Senna is a proven and effective laxative. It works by interacting with the bacteria in the digestive tract, resulting in intestinal contractions. These contractions are caused by the compounds known as anthraquinone, glycosides that are contained in Senna. These anthraquinone glycosides derivatives are known as sennosides.
Senna is part of the Fabaceae (Pea) family and native to Somalia, the Middle East and India. There are about 250 to 350 species of which 50 are commonly cultivated. It is an annual plant which can grow up to 2 metres tall and has pinnate leaves that bloom every summer, developing small, cup-shaped yellow flowers which are then followed by thin cylindrical pods. Both leaves and pods of the Senna plant are used as laxatives, although the pods are less potent than the leaves.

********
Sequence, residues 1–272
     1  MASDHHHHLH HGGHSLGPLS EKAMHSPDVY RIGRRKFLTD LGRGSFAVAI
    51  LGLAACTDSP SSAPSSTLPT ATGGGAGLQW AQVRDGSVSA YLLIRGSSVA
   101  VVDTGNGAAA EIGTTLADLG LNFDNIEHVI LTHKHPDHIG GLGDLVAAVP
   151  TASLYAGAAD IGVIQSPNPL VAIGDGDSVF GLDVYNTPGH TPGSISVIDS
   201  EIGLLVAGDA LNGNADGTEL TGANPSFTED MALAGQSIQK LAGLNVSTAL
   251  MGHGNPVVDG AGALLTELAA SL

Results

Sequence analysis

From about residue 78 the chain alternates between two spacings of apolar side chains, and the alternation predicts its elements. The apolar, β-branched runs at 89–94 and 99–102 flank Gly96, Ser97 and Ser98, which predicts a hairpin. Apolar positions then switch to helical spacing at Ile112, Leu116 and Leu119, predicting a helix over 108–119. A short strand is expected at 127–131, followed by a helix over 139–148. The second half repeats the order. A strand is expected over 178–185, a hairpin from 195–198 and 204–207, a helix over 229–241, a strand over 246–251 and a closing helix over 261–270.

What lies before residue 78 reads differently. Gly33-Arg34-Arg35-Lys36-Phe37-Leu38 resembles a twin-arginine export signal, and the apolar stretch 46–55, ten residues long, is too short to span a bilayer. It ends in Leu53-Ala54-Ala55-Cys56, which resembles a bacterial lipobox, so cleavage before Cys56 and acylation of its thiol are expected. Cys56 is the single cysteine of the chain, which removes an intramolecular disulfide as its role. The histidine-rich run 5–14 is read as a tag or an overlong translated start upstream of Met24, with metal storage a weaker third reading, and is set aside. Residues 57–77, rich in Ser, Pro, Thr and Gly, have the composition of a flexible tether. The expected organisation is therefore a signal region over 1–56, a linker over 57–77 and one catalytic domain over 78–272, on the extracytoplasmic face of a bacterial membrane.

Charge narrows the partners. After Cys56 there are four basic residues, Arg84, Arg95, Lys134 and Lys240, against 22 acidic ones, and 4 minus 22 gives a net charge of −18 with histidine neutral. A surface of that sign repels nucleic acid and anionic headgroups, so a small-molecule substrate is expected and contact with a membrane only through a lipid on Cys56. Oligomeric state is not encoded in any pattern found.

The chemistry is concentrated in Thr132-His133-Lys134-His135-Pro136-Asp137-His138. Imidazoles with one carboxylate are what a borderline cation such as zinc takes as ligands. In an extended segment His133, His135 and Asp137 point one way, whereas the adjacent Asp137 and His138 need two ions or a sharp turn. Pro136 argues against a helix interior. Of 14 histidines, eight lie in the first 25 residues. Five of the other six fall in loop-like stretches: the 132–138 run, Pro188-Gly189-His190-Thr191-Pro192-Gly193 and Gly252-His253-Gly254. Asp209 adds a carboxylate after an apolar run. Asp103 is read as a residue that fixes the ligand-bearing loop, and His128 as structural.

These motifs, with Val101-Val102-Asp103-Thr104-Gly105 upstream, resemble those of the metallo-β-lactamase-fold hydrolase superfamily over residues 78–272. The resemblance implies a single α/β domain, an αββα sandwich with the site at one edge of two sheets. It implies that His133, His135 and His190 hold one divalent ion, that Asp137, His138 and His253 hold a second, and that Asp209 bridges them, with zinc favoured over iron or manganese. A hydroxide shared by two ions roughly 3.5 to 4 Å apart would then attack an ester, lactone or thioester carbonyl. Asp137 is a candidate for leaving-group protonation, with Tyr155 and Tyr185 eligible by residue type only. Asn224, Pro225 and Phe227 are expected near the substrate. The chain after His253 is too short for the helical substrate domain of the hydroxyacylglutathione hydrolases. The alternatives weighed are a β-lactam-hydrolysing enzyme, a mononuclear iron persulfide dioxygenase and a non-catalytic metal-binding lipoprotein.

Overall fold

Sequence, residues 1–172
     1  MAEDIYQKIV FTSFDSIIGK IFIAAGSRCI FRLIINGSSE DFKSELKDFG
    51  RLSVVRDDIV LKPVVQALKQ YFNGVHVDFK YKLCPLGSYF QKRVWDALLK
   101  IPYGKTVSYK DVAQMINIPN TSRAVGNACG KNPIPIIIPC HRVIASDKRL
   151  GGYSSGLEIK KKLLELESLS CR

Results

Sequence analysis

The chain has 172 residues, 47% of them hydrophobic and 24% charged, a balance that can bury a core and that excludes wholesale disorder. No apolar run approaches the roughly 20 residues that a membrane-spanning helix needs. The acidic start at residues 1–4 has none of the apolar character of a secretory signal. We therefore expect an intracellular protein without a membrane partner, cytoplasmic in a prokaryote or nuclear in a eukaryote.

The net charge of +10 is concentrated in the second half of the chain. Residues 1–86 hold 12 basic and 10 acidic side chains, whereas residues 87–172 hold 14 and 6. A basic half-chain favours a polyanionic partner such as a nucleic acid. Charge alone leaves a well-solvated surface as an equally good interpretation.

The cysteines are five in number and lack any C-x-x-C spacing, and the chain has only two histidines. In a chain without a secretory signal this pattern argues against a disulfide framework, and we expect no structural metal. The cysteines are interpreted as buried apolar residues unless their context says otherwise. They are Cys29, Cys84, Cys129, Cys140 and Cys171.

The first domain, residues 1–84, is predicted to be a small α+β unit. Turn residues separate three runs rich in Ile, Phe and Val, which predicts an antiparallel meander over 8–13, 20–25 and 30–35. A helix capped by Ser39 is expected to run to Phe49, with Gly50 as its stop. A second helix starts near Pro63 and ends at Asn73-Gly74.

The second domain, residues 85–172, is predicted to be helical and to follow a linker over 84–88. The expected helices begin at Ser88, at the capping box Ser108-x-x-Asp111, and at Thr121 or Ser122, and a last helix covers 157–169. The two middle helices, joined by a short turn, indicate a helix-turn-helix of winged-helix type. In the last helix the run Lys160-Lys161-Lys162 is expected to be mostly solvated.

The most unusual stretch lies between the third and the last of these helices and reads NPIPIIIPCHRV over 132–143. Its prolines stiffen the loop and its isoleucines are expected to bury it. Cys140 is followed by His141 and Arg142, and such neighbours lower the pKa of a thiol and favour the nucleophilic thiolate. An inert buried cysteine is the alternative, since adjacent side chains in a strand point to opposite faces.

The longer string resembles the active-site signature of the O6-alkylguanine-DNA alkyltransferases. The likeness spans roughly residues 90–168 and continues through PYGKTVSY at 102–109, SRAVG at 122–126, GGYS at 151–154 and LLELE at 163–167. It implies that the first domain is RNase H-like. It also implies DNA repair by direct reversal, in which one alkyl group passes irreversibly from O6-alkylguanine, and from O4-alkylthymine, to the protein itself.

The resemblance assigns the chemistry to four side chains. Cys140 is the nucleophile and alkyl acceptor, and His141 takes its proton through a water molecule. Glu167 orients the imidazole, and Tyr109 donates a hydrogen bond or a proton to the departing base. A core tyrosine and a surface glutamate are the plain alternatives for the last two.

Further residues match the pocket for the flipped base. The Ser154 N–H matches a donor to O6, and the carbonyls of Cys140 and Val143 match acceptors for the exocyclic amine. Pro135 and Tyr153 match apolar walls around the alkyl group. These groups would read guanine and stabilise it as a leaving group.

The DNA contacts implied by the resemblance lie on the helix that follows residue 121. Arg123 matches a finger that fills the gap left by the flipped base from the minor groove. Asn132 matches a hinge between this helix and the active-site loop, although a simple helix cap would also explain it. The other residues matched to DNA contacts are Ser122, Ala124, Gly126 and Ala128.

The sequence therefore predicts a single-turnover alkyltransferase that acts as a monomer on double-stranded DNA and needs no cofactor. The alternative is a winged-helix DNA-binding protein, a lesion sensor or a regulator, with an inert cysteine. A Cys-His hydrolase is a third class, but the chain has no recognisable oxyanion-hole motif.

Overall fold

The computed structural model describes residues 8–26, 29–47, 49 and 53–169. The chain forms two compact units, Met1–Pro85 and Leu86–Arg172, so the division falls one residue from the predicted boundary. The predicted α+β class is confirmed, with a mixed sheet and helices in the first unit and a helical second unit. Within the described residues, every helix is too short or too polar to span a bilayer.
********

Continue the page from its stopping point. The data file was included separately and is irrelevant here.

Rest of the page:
Senna Leaf has been used in traditional herbal medicines as a gentle laxative for generations. The word Senna is of Arabic origin and appears to have been applied since medieval times for medicinal purposes. Infusions (teas), tinctures and syrups were all used; their effect was to irritate the bowel, which speed up its action.